Know Your Rights: The 21 Protected Traits in Washington, D.C.
August 4, 2022
1:30 - 3:00 p.m.

Virtual via Zoom
Have you already completed the Human Rights Training Program 2.0 Overview? Are you ready to be one step closer to becoming a fully-certified Human Rights Liaison? OHR is happy to announce one of the first optional trainings to complete the 4 courses necessary to complete the Human Rights Liaison training. Please join us on July 28th from 1:30- 3pm for "Know Your Rights: The 21 Protected Traits in Washington, D.C."

Overview
Through the DC Human Rights Act (DCHRA), the District offers a comprehensive 21 protected traits. These traits include: race, sex, age, personal appearance, gender identity or expression, and more. In addition to the DCHRA, the Office of Human Rights (OHR) enforces local and federal laws for all DC residents, employees, and visitors. This talk will discuss the OHR agency overall and how discrimination claims are enforced, with a focus on each of the 21 traits. By the end, you will have an understanding of the protections you have in the District.
Events and Observances
(Click the image to catch a summer vibe with DPR and celebrate National Parks and Recreation Month)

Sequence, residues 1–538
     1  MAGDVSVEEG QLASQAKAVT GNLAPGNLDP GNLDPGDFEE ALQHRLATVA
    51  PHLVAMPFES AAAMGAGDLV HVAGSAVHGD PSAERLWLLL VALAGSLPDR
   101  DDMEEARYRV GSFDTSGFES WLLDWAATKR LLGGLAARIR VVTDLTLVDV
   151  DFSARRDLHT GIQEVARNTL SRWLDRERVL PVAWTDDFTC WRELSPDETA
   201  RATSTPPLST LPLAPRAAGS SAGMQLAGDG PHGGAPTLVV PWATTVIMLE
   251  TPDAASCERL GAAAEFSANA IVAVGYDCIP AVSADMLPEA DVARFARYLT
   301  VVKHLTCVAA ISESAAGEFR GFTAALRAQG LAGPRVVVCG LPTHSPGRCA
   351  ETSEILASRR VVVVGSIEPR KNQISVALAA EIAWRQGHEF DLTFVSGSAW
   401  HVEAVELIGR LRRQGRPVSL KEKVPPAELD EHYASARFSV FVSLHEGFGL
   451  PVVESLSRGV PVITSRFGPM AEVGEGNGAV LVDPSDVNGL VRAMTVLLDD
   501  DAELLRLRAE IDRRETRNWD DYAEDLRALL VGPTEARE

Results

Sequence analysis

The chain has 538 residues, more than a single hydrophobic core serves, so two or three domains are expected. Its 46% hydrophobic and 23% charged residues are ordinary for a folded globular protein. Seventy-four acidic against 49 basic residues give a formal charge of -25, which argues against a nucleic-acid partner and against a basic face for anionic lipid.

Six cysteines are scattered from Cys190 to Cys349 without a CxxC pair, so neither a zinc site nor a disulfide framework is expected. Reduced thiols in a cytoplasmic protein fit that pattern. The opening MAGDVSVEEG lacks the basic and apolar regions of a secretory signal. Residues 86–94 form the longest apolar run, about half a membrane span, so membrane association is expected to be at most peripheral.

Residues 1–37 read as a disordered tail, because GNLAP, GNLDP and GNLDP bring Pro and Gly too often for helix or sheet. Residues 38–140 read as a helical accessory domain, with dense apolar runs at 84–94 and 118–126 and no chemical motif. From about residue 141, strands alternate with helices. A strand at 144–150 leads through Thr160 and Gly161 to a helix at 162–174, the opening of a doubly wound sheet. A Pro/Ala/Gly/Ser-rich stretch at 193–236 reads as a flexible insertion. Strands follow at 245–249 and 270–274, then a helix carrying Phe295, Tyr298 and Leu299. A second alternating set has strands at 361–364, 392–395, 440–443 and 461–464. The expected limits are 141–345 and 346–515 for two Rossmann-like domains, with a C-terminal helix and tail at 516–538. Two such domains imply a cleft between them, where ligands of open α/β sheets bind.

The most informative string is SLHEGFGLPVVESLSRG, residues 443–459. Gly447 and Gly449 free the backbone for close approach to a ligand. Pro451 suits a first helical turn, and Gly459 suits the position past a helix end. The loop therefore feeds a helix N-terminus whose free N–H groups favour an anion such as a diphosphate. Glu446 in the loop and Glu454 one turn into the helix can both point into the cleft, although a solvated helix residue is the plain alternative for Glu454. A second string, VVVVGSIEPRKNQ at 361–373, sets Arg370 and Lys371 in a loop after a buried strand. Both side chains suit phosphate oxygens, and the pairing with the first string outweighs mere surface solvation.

(Click the image to learn more about Disability Pride Month)
Monthly
  • Disability Pride Month
  • National Parks and Recreation Month
  • National Family Reunion Month
  • National Make a Difference to Children Month
  • International Alopecia Month for Women
  • Sarcoma Awareness Month
  • Worldwide Bereaved Parents Awareness Month
(Click the image to see the Discovery Channel Shark Week Schedule)
Weekly
  • National Independent Living Week (July 1-7)
  • National Marijuana Facts Week (July 4-10)
  • Shark Week July 24-July 31
Daily
  • National Postal Worker Day, July 1
  • National I Forgot Day, World UFO Day, July 2
  • Independence Day, July 4
  • Eid- al-Adha (Feast of Sacrifice), July 9-10
  • National 7-Eleven Day, July 11
  • Cow Appreciation Day, July 12
  • Barbershop Music Appreciation Day, July 13
  • Shark Awareness Day, July 14
  • Nelson Mandela International Day, July 18
  • Space Exploration Day, July 20
  • Amelia Earhart Day, July 24
  • National Disability Independence Day/ 32nd Anniversary of Americans with Disabilities Act, July 26

DC Office of Human Rights | 202.727.4559 | ohr.dc.gov